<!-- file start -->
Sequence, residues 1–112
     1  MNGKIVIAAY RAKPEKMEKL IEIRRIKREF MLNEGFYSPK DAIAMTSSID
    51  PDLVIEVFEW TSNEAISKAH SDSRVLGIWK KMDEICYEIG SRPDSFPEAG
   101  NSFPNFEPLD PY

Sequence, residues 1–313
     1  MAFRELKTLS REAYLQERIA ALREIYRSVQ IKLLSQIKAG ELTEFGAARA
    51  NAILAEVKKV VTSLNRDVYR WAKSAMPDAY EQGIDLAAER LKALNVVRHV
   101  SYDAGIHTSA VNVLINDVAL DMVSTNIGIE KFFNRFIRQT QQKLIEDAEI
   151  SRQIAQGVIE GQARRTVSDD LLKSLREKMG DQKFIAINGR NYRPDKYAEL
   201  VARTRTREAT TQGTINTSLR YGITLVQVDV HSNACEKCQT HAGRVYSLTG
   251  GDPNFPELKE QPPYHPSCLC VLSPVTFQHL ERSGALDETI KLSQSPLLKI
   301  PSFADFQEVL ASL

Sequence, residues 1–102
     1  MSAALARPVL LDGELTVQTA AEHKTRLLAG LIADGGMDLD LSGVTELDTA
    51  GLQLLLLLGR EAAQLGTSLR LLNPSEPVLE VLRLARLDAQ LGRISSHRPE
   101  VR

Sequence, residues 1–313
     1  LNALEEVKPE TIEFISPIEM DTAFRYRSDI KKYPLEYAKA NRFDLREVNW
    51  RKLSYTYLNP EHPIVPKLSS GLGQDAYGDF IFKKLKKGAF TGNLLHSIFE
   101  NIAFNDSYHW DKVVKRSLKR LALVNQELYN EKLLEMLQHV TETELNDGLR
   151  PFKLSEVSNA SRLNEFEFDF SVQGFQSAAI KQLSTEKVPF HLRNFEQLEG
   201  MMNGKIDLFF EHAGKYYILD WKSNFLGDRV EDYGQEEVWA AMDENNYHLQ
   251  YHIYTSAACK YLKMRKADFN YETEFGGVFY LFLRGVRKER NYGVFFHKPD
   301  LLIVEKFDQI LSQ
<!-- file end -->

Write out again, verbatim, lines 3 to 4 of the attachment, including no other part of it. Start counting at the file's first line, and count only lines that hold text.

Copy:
    51  PDLVIEVFEW TSNEAISKAH SDSRVLGIWK KMDEICYEIG SRPDSFPEAG
   101  NSFPNFEPLD PY